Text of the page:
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Tuesday, October 30, 2007

Mukasey balks at calling waterboarding illegal in response to judiciary panel
Devin Montgomery at 6:32 PM ET

[JURIST] US Attorney General nominee Michael Mukasey [WH profile; JURIST news archive] wrote in a letter [PDF text] to Democrats on the Senate Judiciary Committee Tuesday that he did not know if waterboarding [JURIST news archive] was illegal, and that it would be "irresponsible" of him to provide a legal opinion on any specific interrogation technique without an in depth analysis of relevant laws and more information about its use. In his letter, Mukasey said:

I was asked at the hearing and in your letter questions about the hypothetical use of certain coercive interrogation techniques. As described in your letter, these techniques seem over the line or, on a personal basis, repugnant to me, and would probably seem the
same to many Americans. But hypotheticals are different from real life, and in any legal opinion the actual facts and circumstances are critical. As a judge, I tried to be objective in my decision-making and to put aside even strongly held personal beliefs when assessing a legal question because legal questions must be answered based solely on the actual facts, circumstances, and legal standards presented. A legal opinion based on hypothetical facts and circumstances may be of some limited academic appeal but has scant practical effect or value.

I have said repeatedly, and reiterate here, that no one, including a President, is above the law, and that I would leave office sooner than participate in a violation of law. If confirmed, any legal opinions I offer will reflect that I appreciate the need for the United States to remain a nation of laws and to set the highest standards. I will be mindful also of our shared obligation to ensure that our Nation has the tools it needs, within the law, to protect the American people. ...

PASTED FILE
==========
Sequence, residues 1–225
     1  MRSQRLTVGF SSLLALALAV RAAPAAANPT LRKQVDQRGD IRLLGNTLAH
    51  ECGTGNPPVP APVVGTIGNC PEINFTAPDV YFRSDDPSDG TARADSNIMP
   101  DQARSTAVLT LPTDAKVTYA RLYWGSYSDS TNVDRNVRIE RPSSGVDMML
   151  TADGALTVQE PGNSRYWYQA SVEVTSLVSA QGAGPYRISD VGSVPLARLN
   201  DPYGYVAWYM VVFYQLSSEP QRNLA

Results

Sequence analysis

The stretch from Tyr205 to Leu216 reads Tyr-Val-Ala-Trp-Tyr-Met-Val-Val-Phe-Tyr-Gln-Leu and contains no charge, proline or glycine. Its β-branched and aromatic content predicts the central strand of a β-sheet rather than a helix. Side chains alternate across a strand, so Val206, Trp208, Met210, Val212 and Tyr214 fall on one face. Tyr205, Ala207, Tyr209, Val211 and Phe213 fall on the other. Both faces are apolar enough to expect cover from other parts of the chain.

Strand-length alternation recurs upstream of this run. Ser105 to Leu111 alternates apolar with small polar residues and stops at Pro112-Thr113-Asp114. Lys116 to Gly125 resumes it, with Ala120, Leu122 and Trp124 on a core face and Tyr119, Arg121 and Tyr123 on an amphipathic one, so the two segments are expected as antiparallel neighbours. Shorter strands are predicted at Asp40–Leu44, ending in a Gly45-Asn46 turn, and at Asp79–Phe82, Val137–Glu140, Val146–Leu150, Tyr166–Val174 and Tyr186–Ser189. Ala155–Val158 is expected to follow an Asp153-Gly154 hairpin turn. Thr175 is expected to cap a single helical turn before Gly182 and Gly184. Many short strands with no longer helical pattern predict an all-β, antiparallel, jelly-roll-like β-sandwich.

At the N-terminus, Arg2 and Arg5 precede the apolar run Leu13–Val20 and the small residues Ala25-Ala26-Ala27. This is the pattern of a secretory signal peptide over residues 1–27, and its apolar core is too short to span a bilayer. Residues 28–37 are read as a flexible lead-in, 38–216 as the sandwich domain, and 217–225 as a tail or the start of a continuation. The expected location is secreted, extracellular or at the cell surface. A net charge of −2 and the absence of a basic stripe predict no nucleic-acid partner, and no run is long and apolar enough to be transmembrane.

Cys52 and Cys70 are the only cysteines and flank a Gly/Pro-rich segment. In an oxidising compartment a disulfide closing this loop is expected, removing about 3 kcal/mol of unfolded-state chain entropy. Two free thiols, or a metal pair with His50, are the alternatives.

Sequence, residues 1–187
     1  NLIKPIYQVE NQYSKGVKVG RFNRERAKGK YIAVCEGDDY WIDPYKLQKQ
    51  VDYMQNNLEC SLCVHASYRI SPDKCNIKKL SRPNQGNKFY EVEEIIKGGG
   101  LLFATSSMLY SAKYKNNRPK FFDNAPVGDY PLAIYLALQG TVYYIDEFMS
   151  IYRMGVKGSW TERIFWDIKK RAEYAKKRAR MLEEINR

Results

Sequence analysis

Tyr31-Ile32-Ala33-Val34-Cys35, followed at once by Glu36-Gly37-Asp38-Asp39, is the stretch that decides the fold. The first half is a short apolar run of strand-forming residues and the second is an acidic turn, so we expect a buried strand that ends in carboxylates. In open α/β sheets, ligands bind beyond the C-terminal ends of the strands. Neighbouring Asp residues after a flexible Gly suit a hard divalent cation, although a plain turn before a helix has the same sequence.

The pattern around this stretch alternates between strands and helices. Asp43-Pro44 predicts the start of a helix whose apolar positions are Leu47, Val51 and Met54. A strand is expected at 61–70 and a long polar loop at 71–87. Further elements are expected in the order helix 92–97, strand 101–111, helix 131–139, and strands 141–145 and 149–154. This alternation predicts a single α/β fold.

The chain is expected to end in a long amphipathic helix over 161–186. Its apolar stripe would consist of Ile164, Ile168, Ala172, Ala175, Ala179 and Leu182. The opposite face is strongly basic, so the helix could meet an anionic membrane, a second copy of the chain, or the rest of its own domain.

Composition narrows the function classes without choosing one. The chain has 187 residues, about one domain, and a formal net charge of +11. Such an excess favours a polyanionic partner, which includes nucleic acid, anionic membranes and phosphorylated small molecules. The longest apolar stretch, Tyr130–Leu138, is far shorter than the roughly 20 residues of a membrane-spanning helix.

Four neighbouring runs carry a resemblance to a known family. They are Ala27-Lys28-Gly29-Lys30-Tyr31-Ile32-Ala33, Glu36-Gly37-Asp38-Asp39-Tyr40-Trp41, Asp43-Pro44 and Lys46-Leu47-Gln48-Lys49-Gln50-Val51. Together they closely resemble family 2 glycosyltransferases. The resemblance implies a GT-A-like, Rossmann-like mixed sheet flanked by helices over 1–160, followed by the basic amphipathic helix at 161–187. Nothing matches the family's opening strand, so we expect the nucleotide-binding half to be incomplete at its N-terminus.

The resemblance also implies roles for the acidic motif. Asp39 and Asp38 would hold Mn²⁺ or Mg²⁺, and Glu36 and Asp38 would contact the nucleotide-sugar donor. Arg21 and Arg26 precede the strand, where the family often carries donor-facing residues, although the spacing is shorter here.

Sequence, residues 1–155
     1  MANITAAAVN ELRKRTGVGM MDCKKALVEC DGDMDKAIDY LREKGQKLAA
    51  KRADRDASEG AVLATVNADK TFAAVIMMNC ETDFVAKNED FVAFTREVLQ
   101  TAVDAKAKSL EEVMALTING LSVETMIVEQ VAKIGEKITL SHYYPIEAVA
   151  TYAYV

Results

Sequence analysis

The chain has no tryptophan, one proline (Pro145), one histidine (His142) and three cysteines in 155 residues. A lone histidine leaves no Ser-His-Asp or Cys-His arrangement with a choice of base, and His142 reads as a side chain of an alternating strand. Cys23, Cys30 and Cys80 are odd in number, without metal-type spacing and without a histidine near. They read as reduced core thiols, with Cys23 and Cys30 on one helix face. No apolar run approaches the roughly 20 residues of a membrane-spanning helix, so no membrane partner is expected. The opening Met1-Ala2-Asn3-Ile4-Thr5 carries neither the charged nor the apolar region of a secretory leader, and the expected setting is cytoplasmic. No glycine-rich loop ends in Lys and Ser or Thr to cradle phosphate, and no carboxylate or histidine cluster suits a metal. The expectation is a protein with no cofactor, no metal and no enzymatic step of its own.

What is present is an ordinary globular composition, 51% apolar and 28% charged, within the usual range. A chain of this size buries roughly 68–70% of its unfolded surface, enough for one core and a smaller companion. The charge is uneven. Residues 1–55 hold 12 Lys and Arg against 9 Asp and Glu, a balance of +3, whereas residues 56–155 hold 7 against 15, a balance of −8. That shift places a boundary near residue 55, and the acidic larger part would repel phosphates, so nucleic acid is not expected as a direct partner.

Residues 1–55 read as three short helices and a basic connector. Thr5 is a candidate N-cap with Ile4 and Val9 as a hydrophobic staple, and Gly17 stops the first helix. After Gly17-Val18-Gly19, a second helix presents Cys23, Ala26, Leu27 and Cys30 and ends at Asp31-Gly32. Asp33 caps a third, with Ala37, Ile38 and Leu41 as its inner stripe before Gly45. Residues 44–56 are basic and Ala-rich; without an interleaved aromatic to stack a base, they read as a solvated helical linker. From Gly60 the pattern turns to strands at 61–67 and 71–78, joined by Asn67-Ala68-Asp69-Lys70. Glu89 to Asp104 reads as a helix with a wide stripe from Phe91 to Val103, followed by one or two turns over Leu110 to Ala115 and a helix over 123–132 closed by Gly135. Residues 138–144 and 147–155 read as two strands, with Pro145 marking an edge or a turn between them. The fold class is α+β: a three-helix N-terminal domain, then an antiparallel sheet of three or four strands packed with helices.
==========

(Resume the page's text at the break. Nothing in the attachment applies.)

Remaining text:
I do know, however, that "waterboarding" cannot be used by the United States military because its use by the military would be a clear violation of the Detainee Treatment Act ("DTA"). That is because "waterboarding" and certain other coercive interrogation techniques are expressly prohibited by the Army Field Manual on Intelligence Interrogation, and Congress specifically legislated in the DTA that no person in the custody or control of the Department of Defense ("DOD") or held in a DOD facility may be subject to any interrogation techniques not authorized and listed in the Manual.

In the absence of legislation expressly banning certain interrogation techniques in all circumstances, one must consider whether a particular technique complies with relevant legal standards.
Mukasey went on to summarize the analysis he would use to determine "whether coercive interrogation techniques, including 'waterboarding' as described in your letter, would constitute torture, cruel, inhuman or degrading treatment, or a violation of Common Article 3 of the Geneva Conventions."

Senate Judiciary Committee chairman Patrick Leahy (D-VT) released a statement [text] in response to Mukasey's letter late Tuesday, saying that he remained "very concerned that Judge Mukasey finds himself unable to state unequivocally that waterboarding is illegal and below the standards and values of the United States." Both Democrats and Republicans [JURIST reports] on the committee have urged Mukasey to take a position on waterboarding - a technique that replicates the effects of being drowned - in order to receive a favorable recommendation to the full Senate. AP has more.





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